“You’re going to Kalgan for information about the Second Foundation.”
And Munn let out a wild howl and collapsed completely. For one horrified moment, Arcadia thought he would have hysterics or beat his head against the wall. He was still holding the blaster and her stomach grew ice-cold as she watched it.
“Watch out – Take it easy -” was all she could think of to say.
But he struggled back to relative normality and threw the blaster on to the bunk with a force that should have set it off and blown a hole through the ship’s hull.
“How did you get on?” he asked slowly, as though gripping each word with his teeth very carefully to prevent it from trembling before letting it out.
“It was easy. I just came into the hangar with my suitcase, and said, ‘Mr. Munn’s baggage!’ and the man in charge just waved his thumb without even looking up.”
“I’ll have to take you back, you know,” said Homir, and there was a sudden wild glee within him at the thought. By Space, this wasn’t his fault.
“You can’t,” said Arcadia, calmly, “it would attract attention.”
“You know. The whole purpose of your going to Kalgan was because it was natural for you to go and ask for permission to look into the Mule’s records. And you’ve got to be so natural that you’re to attract no attention at all. If you go back with a girl stowaway, it might even get into the tele-news reports.”
“Where did you g… get those notions about Kalgan? These… uh… childish-” He was far too flippant for conviction, of course, even to one who knew less than did Arcadia.
“I heard,” she couldn’t avoid pride completely, “with a sound-recorder. I know all about it – so you’ve got to let me come along.”
“What about your father?” He played a quick trump. “For all he knows, you’re kidnapped… dead.”
“I left a note,” she said, overtrumping, “and he probably knows he mustn’t make a fuss, or anything. You’ll probably get a space-gram from him.”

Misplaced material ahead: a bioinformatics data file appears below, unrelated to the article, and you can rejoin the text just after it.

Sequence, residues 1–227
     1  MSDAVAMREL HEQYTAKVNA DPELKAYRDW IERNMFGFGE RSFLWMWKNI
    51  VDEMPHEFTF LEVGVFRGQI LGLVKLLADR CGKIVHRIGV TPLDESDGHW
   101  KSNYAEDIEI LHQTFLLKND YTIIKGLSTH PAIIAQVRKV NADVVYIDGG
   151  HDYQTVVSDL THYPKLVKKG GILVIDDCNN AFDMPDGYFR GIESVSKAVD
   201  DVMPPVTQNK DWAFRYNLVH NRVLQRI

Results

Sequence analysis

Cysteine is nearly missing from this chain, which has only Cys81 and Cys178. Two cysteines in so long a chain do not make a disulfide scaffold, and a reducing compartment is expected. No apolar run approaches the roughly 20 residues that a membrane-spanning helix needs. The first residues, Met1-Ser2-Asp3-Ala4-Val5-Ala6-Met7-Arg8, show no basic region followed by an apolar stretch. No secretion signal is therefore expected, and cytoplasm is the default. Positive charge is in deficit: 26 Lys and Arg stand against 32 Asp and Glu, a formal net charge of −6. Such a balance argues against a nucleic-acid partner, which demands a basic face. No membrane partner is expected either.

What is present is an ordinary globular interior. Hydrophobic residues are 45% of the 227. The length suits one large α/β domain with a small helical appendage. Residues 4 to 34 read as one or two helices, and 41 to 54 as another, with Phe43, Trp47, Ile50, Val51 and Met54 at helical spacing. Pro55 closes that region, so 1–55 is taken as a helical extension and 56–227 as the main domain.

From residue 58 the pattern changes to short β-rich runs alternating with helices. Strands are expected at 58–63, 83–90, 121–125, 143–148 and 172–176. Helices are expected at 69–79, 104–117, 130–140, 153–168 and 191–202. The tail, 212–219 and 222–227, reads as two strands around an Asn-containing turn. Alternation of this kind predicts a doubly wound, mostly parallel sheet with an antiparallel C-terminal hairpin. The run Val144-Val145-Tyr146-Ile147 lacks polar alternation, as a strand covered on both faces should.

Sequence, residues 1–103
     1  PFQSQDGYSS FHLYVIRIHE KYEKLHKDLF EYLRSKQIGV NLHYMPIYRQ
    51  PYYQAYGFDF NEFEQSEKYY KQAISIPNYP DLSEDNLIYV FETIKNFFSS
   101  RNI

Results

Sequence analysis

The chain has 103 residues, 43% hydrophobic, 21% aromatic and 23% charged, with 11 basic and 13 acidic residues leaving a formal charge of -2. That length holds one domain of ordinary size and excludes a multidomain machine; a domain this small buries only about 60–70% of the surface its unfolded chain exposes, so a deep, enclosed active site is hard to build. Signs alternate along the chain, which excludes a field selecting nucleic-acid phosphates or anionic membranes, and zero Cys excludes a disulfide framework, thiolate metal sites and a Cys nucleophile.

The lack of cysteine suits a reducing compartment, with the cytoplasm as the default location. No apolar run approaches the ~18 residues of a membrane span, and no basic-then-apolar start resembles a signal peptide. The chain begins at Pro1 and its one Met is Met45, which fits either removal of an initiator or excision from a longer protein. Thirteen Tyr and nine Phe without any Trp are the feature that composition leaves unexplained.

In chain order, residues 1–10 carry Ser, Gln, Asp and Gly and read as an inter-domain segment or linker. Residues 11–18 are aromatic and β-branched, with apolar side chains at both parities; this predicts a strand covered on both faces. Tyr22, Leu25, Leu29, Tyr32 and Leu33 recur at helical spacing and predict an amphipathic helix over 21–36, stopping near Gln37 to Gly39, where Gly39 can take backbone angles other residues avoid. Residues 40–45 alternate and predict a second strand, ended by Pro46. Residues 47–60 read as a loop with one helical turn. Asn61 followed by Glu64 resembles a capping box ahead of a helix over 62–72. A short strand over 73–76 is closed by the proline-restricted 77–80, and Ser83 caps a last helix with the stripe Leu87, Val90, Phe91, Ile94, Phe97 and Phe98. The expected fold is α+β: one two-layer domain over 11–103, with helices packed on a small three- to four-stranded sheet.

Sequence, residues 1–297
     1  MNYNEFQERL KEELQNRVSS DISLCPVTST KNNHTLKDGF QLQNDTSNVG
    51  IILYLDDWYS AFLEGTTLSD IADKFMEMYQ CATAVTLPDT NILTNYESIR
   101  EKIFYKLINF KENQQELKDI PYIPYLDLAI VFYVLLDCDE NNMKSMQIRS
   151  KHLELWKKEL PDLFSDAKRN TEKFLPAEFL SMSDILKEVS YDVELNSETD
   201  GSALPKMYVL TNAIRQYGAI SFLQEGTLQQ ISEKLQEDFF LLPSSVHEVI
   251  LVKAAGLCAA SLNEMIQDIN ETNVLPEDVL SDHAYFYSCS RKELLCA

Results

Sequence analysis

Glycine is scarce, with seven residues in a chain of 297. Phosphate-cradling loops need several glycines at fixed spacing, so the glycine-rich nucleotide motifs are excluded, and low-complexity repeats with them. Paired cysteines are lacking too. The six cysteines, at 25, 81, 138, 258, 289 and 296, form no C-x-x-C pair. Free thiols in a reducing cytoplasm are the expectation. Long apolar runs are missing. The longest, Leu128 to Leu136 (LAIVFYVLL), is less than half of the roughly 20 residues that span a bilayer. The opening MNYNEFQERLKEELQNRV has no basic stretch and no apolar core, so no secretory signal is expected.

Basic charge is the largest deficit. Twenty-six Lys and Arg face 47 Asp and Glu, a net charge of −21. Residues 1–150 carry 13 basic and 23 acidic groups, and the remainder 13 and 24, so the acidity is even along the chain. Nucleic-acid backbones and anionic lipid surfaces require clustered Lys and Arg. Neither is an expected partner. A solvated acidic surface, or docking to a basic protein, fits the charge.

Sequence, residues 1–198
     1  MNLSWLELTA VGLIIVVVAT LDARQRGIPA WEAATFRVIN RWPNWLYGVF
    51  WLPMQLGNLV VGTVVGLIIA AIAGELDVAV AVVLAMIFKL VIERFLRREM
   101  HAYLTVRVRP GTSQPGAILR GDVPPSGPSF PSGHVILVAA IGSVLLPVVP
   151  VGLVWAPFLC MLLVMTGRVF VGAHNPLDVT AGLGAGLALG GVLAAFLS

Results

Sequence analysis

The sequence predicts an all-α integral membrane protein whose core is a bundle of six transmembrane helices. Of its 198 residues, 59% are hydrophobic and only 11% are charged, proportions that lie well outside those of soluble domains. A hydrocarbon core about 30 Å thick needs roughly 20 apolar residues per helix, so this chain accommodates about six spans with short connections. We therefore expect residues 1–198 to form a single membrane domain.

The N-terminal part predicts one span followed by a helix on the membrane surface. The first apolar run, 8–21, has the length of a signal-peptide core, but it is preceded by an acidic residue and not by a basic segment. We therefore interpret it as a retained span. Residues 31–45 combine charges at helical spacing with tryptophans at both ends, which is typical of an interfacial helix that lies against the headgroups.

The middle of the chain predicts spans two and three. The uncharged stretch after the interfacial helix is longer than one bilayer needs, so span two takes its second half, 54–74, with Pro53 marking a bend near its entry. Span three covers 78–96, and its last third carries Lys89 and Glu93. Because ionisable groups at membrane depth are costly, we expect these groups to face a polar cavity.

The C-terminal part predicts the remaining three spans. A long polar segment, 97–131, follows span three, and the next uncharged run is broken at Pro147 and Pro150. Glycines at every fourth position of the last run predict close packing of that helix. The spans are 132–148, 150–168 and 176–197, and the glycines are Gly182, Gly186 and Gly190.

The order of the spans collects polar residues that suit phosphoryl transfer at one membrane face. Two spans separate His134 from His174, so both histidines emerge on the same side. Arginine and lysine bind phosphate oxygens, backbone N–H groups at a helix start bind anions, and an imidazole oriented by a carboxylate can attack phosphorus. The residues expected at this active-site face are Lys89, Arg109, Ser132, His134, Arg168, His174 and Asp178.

To Munn the only explanation was sorcery, because the receiving signal sounded wildly two seconds after she finished.
She said: “That’s my father, I bet,” and it was.
The message wasn’t long and it was addressed to Arcadia. It said: “Thank you for your lovely present, which I’m sure you put to good use. Have a good time.”
“You see,” she said, “that’s instructions.”
Homir grew used to her. After a while, he was glad she was there. Eventually, he wondered how he would have made it without her. She prattIed! She was excited! Most of all, she was completely unconcerned. She knew the Second Foundation was the enemy, yet it didn’t bother her. She knew that on Kalgan, he was to deal with a hostile officialdom, but she could hardly wait.
Maybe it came of being fourteen.
At any rate, the week-long trip now meant conversation rather than introspection. To be sure, it wasn’t a very enlightening conversation, since it concerned, almost entirely, the girl’s notions on the subject of how best to treat the Lord of Kalgan. Amusing and nonsensical, and yet delivered with weighty deliberation.
Homir found himself actually capable of smiling as he listened and wondered out of just which gem of historical fiction she got her twisted notion of the great universe.
It was the evening before the last jump. Kalgan was a bright star in the scarcely-twinkling emptiness of the outer reaches of the Galaxy. The ship’s telescope made it a sparkling blob of barely-perceptible diameter.
Arcadia sat cross-legged in the good chair. She was wearing a pair of slacks and a none-too-roomy shirt that belonged to Homir. Her own more feminine wardrobe had been washed and ironed for the landing.